In June, the US Supreme Court ruled that states could not discriminate against schools based on religion regarding tuitioning rules. Grandparents from Croydon, NH, promptly sued the state over its prohibition. Three families in Vermont have just done the same in theirs.
“Vermont has some great public schools, but the ones available to us weren’t a great fit for our son,” said Michael Valente in a written statement. “And I know we are not alone. Families across the state send their kids to private religious schools for a variety of reasons. The state should not discriminate against those families for doing what’s best for their kids.”
Smaller towns may not have schools for every grade, so parents must find a school suitable for the child and the grade-level. States or towns that collect taxes for education will provide tuition costs to the institution up to a certain sum per annum. Like Vermont and New Hampshire, many states have restrictions on the use of these dollars for religious schools, but as noted above, the Supreme Court has said that it is unconstitutional.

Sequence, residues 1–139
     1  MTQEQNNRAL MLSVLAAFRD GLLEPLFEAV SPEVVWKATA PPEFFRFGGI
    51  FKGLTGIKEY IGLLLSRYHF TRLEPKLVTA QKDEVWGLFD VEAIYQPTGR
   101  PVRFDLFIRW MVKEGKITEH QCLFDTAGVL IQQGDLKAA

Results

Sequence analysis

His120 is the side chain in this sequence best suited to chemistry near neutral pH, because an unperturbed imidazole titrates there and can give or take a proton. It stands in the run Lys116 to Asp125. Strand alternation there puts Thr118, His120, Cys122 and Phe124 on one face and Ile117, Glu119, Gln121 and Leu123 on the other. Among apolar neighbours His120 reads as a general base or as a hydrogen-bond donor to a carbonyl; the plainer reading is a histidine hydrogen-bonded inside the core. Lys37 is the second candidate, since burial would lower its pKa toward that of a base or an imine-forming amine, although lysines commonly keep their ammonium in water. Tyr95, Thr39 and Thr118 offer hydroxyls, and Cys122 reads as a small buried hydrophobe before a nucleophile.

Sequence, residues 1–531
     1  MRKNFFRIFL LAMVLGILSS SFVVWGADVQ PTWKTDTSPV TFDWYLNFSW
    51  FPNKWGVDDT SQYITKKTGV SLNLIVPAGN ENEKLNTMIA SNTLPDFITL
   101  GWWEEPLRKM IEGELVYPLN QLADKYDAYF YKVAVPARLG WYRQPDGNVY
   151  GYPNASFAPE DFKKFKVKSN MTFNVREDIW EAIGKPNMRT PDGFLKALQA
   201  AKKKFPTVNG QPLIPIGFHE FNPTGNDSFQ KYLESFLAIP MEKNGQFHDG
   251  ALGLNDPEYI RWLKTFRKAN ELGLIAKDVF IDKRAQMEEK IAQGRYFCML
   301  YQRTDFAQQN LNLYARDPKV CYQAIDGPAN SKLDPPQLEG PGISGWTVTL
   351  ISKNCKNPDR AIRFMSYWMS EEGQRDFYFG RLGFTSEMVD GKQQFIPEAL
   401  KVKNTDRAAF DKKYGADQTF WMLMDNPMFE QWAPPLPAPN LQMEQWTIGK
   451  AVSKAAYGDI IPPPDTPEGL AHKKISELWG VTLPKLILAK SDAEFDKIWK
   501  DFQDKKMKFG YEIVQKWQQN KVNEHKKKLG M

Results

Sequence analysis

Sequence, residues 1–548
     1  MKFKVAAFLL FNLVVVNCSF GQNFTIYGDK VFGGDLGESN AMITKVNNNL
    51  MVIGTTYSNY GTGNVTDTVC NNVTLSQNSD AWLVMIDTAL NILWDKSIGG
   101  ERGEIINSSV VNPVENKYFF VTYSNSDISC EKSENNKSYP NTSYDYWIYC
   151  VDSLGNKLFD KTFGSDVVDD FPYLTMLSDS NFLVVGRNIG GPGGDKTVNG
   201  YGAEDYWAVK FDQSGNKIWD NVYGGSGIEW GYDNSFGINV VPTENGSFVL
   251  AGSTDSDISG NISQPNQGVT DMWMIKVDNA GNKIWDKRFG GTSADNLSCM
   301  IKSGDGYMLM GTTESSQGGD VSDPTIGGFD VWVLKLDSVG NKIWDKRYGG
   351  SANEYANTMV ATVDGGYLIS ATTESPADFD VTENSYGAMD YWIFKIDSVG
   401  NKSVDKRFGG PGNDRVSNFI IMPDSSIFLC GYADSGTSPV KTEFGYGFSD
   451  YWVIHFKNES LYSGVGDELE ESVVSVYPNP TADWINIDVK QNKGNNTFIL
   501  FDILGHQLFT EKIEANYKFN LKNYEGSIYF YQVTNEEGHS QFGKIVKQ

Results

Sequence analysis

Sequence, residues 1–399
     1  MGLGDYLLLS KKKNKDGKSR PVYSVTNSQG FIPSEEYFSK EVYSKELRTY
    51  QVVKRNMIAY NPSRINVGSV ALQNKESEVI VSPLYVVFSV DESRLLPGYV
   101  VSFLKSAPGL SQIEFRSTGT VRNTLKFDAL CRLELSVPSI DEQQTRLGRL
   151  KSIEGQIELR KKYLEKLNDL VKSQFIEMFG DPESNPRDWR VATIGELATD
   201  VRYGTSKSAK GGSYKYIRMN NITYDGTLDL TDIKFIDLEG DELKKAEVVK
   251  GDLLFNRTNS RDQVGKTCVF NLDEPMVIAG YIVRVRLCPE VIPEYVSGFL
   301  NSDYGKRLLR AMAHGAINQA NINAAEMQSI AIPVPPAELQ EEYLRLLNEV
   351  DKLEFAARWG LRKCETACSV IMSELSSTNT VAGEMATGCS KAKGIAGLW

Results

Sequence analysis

“The Supreme Court could not have been clearer when it said that while ‘[a] State need not subsidize private education[, ] once a State decides to do so, it cannot disqualify some private schools solely because they are religious.’”
While we expect the NH Court system to find a way to screw this up, our unfamiliarity with Vermont leaves us hoping the families there will have better luck.